These Were the Worst Predictions About 2021

These Were the Worst Predictions About 2021 1

The cheap shot about economic forecasters is that God put them on Earth to make astrologers look good. One reason that’s unfair is it’s not just economists who get things wrong. As a way to say a not-so-fond farewell to 2021, I’ve compiled 10 of the worst predictions made about the year by overconfident people from many walks of life.

1. “With the vaccine, with mass testing and with the knowledge of how to prevent and treat this virus, I think the pandemic will end in 2021.”

Former Prime Minister Leo Varadkar of Ireland said this in an interview on Dec. 9, 2020, daring to predict the course of a pandemic that has flummoxed the experts repeatedly. To his credit, he did qualify his prediction with “I think.”

2. “With improved equipment, it is expected that there will also be improved and safer navigation along the canal.”

That’s a quote from an article in Egypt Today about the Suez Canal that appeared on Sept. 28, 2020, and was based on an announcement by the Suez Canal Authority of its investment plan for 2020 to 2021. In March 2021, commerce was disrupted worldwide when the Ever Given, a container ship, got stuck crosswise in the canal for six days. (Maybe it wouldn’t have happened if the authority had managed to complete those investments.)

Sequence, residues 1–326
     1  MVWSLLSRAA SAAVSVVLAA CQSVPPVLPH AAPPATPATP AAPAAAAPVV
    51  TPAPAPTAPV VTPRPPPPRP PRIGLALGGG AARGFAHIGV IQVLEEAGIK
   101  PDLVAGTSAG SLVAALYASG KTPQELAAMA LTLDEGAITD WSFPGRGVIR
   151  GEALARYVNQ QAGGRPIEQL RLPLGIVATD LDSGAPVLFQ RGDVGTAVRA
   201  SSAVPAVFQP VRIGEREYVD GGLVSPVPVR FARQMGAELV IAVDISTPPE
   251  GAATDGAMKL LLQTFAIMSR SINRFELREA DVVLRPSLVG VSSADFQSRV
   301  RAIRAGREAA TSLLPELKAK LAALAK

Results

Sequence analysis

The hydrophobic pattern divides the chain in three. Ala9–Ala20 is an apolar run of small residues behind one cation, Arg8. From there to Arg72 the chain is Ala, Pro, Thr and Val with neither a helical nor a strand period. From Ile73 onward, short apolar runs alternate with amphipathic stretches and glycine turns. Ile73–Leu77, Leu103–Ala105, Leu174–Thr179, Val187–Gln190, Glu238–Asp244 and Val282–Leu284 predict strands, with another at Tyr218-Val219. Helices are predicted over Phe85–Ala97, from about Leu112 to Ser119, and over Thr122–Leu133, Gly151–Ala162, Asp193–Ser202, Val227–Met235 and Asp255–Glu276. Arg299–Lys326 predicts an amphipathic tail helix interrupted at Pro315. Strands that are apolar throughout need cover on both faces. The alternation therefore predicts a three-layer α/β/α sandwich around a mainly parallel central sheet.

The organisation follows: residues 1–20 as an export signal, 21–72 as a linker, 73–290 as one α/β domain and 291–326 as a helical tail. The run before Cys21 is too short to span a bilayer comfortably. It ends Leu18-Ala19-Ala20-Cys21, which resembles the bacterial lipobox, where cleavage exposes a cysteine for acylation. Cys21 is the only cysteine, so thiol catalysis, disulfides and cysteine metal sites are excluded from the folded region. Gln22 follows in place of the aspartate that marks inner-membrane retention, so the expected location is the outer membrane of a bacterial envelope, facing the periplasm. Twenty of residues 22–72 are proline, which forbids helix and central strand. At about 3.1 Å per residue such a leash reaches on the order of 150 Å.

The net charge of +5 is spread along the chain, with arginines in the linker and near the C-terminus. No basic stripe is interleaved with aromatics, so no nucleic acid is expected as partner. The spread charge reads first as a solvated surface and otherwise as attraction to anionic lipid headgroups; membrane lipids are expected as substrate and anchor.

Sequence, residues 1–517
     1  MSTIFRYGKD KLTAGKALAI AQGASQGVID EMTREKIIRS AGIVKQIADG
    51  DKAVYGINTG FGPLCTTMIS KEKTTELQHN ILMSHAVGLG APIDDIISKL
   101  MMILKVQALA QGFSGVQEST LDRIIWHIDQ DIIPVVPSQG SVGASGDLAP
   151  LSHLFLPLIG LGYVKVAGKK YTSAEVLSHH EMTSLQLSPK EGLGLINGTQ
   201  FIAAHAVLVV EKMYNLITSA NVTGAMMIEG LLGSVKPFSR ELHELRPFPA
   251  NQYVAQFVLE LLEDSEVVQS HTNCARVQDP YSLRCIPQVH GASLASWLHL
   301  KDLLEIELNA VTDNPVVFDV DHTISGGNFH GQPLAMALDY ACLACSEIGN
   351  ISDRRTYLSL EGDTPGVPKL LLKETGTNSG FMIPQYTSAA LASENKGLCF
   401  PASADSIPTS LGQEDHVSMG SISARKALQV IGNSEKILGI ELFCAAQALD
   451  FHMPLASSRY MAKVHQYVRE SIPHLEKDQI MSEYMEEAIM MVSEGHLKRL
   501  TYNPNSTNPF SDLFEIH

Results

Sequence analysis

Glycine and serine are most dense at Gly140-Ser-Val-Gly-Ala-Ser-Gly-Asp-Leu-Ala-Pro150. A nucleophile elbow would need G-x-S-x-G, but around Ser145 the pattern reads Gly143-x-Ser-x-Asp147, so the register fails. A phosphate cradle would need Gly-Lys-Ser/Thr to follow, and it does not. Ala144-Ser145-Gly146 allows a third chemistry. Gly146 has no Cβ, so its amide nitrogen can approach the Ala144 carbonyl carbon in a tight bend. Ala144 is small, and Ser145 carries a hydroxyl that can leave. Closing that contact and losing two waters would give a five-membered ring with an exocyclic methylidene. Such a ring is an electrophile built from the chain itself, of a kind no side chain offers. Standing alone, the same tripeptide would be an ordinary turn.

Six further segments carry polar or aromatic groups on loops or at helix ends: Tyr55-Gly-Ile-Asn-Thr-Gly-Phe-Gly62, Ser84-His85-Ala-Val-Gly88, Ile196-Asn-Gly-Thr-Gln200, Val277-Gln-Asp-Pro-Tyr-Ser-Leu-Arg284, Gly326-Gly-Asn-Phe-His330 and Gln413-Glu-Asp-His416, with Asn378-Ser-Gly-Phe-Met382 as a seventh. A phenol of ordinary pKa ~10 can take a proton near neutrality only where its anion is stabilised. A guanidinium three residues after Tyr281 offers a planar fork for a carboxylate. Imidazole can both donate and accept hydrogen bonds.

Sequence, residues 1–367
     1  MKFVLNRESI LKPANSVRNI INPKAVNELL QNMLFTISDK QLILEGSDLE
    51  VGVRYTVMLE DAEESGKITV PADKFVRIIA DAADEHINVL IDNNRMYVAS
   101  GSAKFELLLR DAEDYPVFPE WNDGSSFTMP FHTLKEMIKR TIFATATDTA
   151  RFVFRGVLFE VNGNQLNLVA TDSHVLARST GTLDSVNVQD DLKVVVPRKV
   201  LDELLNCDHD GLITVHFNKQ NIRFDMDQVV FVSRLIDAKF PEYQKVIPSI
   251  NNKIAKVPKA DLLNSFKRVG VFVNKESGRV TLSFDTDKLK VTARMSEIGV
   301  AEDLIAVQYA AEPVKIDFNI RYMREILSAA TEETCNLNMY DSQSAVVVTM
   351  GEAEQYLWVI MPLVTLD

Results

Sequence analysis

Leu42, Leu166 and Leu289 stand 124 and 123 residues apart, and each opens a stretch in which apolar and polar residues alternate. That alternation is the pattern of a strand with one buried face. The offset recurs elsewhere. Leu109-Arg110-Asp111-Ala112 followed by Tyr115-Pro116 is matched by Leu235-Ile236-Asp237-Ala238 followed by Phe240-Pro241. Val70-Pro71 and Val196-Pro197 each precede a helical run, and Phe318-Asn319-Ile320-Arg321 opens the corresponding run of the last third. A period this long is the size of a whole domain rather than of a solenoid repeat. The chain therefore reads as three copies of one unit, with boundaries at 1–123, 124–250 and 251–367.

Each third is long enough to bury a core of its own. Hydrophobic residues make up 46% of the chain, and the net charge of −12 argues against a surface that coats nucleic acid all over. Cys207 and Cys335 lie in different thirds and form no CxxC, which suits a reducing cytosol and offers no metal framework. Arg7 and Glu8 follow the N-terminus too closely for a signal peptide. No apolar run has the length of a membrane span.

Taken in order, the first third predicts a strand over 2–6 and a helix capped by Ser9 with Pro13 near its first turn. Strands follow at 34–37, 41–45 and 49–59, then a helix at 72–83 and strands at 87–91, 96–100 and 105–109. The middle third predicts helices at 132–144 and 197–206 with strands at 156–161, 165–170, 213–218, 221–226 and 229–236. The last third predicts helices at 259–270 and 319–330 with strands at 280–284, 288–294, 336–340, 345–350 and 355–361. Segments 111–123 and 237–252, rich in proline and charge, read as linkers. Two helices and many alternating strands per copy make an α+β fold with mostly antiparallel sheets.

3. “The unemployment rate is set to remain at or above the peak level observed during the global financial crisis, reaching 7.7 percent by the end [of] 2021 without a second wave (and 8.9 percent in case of a second wave).”

This overly pessimistic forecast by the Organization for Economic Cooperation and Development, issued on July 7, 2020, applied to the jobless rate across the organization’s 38 member countries. The organization’s latest estimate for average unemployment in those nations as of the fourth quarter of 2021 is just 4.4 percent. And that’s after several waves of the pandemic.

4. “It’ll start getting cooler. You just — you just watch.”

Donald Trump said that on Sept. 14, 2020, when, as president, he went to California to get a briefing on the state’s wildfires. Narrowly speaking, this prediction may have been correct. According to the National Oceanic and Atmospheric Administration, the worldwide average land and ocean temperature through November this year is only the sixth highest in 142 years of record-keeping; 2020 was No. 2. Broadly speaking, though, for Trump to say the world will “start getting cooler” is quite a stretch.

5. “I wouldn’t change the view that over the next year or two the dollar is going to steadily weaken.”

Kim Juckes, a macroeconomic strategist for Société Générale in London, said that on Bloomberg TV on Nov. 9, 2020, when the Federal Reserve’s broad, inflation-adjusted index of the dollar was at 106.1. This November it was at 109.3. That’s steady strengthening, not steady weakening.

6. “We studied a range of potential risks under both normal and extreme conditions, and believe there is sufficient generation to adequately serve our customers.”

Pete Warnken, the manager of resource adequacy for the Electric Reliability Council of Texas, said that in a statement released on Nov. 5, 2020. Three months later, power failures caused by Winter Storm Uri plunged millions of Texans into blackouts.

7. “I mean, this is a company trading at half-a-trillion-dollar market cap. It’ll have revenue this year of $30 billion, and despite what everyone says they’re still an automobile company.”